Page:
Probe each other for the reasoning behind the rank-order decision-making process. Discuss and arrive at a group
consensus of the rank-order choices.
One member of the group should be responsible to record group choices and report back to the entire class.
Source: Adapted from William Weeks, Paul Pedersen, & Richard Brislin (1979). A Manual of Structured Experiences
for Cultural Learning. La Grange Park, IL: Intercultural Network.
Understanding Intercultural Communication (2012) by Stella Ting-Toomey, Leeva C. Chung and Alex Flecky, New
York, Oxford University Press, 2012
INTERCULTURAL KNOWLEDGE AND EFFECTIVENESS RUBRIC
Definition
A set of behaviors, attitudes, and policies that come together to enable systems, agencies, or professionals to work effectively in cross-cultural situations.
Proficient
Emerging
Developing
3
2
1
Knowledge
Articulates insights into own cultural rules
Recognizes new perspectives about own
Identifies own cultural rules and biases (e.g.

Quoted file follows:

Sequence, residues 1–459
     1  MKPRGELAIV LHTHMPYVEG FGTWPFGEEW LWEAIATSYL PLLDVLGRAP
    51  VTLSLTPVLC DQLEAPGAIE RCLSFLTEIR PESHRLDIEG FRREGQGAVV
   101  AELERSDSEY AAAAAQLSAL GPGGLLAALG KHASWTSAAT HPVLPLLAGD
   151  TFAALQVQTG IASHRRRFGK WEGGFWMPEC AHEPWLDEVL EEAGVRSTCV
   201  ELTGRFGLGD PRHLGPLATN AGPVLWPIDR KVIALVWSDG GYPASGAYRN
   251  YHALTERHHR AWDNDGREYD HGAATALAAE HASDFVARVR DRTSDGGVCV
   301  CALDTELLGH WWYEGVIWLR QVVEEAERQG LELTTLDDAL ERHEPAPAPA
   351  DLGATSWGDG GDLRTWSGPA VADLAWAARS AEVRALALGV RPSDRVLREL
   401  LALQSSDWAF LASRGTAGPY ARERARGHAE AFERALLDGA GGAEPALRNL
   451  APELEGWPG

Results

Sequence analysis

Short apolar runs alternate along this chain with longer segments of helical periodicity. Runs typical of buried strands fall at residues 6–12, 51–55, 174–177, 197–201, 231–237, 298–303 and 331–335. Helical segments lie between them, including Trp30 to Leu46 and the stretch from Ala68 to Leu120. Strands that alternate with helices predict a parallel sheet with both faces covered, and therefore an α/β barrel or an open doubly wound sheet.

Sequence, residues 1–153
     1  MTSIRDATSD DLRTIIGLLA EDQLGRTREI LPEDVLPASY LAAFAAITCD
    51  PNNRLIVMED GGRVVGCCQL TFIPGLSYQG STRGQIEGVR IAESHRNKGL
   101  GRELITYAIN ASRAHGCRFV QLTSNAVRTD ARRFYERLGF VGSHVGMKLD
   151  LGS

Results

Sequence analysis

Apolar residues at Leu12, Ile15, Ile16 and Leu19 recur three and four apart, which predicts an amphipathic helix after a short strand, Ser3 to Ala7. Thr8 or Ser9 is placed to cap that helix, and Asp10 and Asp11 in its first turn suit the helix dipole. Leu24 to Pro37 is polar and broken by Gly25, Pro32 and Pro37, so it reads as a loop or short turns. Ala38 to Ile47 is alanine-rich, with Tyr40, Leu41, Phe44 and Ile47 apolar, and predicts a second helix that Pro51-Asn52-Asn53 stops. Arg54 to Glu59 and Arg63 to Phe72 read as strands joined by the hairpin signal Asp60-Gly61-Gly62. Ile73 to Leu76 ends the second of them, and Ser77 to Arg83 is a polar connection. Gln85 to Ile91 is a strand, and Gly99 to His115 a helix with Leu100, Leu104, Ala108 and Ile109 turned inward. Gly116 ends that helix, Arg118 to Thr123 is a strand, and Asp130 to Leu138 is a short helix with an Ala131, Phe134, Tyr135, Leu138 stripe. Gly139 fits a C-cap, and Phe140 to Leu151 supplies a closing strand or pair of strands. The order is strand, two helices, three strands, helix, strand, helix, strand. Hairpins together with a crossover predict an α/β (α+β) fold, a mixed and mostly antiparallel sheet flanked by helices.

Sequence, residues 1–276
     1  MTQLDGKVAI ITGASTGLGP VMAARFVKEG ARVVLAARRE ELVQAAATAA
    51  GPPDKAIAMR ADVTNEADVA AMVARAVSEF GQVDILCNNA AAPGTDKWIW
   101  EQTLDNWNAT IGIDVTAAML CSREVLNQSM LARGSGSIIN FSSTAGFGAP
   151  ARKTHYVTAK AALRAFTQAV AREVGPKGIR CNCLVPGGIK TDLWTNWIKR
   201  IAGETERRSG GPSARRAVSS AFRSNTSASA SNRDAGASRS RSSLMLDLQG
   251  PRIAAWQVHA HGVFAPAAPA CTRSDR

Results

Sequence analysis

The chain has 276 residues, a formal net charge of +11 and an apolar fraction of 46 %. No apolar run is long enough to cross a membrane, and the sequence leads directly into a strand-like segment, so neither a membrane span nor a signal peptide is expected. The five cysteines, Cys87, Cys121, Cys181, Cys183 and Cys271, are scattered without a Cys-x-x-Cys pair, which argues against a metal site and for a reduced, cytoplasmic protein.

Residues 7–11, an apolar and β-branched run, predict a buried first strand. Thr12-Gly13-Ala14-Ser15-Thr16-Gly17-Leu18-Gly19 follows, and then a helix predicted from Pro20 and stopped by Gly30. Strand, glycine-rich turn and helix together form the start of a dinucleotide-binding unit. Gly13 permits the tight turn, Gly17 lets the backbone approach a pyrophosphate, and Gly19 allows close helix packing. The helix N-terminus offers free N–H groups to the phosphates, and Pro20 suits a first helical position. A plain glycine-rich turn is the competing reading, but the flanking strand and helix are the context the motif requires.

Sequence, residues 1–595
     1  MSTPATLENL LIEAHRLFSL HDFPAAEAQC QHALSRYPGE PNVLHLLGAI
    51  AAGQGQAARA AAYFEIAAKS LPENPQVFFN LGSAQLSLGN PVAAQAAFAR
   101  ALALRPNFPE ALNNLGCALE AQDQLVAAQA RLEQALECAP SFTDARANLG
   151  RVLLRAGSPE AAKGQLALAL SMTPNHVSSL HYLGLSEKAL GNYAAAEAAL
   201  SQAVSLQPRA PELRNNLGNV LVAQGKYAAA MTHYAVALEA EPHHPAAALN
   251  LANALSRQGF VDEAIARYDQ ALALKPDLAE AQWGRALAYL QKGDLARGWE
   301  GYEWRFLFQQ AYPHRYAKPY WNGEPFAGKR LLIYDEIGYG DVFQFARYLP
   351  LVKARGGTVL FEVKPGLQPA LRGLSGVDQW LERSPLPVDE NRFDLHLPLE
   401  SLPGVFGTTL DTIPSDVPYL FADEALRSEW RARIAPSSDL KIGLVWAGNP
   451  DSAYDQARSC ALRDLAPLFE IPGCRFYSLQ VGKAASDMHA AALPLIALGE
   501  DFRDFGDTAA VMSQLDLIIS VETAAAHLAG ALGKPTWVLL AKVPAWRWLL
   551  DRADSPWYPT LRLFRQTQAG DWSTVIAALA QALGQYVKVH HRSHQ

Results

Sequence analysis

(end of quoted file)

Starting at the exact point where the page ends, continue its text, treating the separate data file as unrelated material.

Cultural self- awareness
and biases (e.g. seeking complexity; aware
cultural rules and biases (e.g. not looking for with a strong preference for those rules
of how her/his experiences have shaped
sameness; comfortable with the
shared with own cultural group and seeks
these rules, and how to recognize and
complexities that new perspectives offer.)
the same in others.)
respond to cultural biases, resulting in a
shift in self-description.)
Knowledge
Demonstrates sophisticated understanding
Demonstrates adequate understanding of
Demonstrates partial understanding of the
Knowledge of cultural
of the complexity of elements important to
the complexity of elements important to
complexity of elements important to
worldview frameworks
members of another culture in relation to
members of another culture in relation to
members of another culture in relation to
its history, values, politics, communication
its history, values, politics, communication
its history, values, politics, communication
styles, economy, or beliefs and practices.
styles, economy, or beliefs and practices.
styles, economy, or beliefs and practices.